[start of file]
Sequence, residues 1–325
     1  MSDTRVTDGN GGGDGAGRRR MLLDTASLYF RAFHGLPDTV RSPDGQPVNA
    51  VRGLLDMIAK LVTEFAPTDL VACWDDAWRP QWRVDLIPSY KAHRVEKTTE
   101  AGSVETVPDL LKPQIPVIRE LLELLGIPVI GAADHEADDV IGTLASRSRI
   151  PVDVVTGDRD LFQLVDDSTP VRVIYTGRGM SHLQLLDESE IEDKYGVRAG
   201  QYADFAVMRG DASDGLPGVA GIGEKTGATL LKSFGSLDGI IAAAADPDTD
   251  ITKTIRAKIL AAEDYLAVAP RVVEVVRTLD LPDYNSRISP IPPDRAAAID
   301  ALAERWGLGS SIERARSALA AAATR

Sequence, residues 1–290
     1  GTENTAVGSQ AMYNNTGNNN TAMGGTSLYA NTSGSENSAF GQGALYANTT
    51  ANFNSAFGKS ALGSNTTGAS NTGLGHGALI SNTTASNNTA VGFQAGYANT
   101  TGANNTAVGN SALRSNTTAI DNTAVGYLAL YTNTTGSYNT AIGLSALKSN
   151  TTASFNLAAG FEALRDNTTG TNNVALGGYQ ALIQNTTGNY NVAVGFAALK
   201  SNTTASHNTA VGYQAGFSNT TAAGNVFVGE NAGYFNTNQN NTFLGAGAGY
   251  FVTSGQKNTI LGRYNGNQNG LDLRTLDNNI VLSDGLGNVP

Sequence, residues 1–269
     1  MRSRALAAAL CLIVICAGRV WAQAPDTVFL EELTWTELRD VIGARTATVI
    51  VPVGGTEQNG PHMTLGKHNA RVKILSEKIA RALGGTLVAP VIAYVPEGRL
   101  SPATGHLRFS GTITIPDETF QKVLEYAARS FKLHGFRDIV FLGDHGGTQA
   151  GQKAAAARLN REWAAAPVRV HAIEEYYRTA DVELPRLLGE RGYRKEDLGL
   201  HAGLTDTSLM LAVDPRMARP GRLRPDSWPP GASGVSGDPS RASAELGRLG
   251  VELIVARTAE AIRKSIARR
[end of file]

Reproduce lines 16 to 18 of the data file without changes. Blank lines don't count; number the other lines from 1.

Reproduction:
Sequence, residues 1–269
     1  MRSRALAAAL CLIVICAGRV WAQAPDTVFL EELTWTELRD VIGARTATVI
    51  VPVGGTEQNG PHMTLGKHNA RVKILSEKIA RALGGTLVAP VIAYVPEGRL